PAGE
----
High-Performing Traditional Public Schools are Rare, Really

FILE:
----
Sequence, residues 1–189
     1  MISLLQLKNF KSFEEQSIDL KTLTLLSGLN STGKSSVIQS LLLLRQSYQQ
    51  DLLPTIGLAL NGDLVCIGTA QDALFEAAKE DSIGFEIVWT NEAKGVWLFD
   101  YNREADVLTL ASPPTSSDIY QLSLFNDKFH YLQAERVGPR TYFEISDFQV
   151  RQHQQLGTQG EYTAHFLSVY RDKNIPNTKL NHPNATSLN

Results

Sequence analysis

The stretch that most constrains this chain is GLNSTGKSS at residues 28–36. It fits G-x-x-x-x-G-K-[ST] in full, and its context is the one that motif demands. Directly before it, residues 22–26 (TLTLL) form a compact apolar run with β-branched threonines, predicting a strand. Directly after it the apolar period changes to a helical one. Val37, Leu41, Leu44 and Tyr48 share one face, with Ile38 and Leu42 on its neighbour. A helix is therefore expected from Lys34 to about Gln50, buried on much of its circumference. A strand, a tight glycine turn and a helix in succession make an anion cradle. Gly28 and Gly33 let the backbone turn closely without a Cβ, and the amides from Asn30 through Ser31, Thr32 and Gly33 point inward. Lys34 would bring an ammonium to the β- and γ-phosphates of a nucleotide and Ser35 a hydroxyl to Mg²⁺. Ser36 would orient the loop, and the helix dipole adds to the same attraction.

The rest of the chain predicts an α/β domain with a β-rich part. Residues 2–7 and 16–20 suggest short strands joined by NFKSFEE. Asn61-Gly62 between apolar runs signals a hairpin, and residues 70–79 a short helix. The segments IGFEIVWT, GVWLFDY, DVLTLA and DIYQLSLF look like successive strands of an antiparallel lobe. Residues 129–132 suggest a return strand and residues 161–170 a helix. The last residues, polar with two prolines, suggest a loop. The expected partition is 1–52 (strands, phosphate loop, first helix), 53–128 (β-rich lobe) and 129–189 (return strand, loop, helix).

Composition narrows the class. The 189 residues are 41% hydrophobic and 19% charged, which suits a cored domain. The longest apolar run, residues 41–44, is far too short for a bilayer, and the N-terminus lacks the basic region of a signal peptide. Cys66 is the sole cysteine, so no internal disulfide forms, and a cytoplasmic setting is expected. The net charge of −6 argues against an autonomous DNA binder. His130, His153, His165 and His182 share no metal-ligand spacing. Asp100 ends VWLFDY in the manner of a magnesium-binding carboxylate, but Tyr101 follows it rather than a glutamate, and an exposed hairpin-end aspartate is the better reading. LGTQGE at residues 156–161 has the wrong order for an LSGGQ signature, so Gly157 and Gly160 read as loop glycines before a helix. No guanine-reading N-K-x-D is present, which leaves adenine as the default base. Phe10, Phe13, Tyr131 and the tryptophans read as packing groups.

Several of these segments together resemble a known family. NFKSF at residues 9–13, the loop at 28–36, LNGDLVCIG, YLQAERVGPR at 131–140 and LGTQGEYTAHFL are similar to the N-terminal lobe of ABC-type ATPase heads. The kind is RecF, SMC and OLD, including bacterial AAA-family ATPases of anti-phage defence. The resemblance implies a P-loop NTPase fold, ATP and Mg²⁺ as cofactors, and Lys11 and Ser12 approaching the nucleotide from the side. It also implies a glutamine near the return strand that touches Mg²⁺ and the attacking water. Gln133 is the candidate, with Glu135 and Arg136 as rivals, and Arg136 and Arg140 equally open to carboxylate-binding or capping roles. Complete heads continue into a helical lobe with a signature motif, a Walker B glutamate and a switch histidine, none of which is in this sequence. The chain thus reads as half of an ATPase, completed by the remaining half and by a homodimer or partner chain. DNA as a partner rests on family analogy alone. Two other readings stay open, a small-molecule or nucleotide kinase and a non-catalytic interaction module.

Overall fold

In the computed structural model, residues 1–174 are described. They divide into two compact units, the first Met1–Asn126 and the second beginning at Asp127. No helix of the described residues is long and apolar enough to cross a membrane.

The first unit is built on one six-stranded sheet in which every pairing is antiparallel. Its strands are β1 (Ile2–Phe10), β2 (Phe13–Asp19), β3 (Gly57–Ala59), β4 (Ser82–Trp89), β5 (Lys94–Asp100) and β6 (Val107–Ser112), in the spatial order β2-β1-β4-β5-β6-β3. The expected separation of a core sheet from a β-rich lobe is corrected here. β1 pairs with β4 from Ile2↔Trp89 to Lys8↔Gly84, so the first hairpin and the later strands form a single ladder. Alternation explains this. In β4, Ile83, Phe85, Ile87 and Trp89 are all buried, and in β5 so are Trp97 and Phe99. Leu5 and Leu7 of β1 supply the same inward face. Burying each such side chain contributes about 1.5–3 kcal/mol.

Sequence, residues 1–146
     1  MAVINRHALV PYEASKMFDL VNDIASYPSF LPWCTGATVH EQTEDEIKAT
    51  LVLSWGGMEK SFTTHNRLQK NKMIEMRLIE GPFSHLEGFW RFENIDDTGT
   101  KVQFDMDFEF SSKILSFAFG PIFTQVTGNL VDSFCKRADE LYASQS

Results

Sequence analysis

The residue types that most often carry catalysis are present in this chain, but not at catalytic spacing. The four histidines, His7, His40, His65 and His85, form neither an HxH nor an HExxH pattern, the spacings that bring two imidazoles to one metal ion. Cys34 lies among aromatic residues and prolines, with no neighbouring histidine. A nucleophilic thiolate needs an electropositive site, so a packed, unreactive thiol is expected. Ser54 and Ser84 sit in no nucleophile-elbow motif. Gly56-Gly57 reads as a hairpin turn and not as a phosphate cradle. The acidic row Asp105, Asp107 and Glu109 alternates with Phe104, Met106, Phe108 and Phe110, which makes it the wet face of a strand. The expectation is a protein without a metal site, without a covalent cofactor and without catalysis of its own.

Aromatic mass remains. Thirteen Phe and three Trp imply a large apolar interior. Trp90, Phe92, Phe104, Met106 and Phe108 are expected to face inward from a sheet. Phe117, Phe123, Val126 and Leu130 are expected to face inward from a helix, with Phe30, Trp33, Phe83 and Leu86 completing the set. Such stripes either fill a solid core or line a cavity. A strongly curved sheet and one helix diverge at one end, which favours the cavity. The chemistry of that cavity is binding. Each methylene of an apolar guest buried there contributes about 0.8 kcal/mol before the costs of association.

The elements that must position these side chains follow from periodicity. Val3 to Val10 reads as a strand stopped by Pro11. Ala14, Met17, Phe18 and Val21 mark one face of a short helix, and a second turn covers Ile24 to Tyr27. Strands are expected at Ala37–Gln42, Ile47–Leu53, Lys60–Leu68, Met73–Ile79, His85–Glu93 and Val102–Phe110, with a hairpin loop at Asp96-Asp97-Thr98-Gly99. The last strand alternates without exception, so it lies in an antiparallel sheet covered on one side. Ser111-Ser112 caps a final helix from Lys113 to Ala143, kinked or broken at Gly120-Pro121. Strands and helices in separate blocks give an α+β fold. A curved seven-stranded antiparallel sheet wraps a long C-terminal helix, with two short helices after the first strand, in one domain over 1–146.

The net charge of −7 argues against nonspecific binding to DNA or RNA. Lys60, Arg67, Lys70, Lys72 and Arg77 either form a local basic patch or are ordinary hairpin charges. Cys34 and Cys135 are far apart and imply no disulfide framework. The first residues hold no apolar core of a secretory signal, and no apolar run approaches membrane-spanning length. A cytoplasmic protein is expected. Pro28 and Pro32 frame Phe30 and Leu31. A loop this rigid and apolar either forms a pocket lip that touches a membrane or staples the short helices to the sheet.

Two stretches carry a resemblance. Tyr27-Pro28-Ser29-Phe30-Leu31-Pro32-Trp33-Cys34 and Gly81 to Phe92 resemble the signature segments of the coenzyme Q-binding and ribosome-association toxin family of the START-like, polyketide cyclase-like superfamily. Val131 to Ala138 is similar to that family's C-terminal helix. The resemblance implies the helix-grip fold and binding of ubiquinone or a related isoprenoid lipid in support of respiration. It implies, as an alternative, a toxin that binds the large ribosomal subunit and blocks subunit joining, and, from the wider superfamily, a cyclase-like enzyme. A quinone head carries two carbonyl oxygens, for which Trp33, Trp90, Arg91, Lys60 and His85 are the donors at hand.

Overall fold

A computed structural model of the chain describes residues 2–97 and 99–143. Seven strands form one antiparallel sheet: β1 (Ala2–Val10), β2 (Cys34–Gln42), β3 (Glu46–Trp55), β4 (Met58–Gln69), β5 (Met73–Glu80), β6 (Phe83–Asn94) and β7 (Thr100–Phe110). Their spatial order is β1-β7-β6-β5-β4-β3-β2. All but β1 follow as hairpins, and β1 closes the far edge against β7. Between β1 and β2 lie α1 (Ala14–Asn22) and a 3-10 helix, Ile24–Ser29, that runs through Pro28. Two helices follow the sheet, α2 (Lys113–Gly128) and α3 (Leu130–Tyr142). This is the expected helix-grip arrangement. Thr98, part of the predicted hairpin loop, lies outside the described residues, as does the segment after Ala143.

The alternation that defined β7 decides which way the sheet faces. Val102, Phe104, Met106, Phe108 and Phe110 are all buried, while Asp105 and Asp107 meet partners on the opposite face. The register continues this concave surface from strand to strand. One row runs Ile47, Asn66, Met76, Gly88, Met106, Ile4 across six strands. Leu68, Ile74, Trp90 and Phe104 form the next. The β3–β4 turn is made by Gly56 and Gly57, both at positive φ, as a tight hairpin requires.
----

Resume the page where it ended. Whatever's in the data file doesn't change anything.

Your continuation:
This is going to be a tough sell, I recognize that. But sadly, this is a very important, painful reality check. My assertion that high-performing traditional public schools are very, very rare flies in the face of some deeply-rooted human tendencies, the first of which is that “best” is widely seen as something that has to be really good. An even bigger likely source of resistance to the sad fact that the dysfunctional “business model” of traditional public schools ensures low efficiency, and likely low performance even in the best-funded schools with the easiest to educate children, is parents’ strong desire to believe that they did right by their children. If we define this aspect of doing right as doing as well as possible within the available choices, most families pass the test. But when best available is shown to be pretty bad for a lot of children, some denial/resistance to the message will set in. That such a message will not produce the voter adulation candidates seek may explain why few, if any, public office-seekers will take on the myth that the better public schools are just fine. The roots of the low performance problem that I keep referring back to exist throughout the public school system, and they are not substantively negated by generous funding by locating a school in a high socio-economic status neighborhood.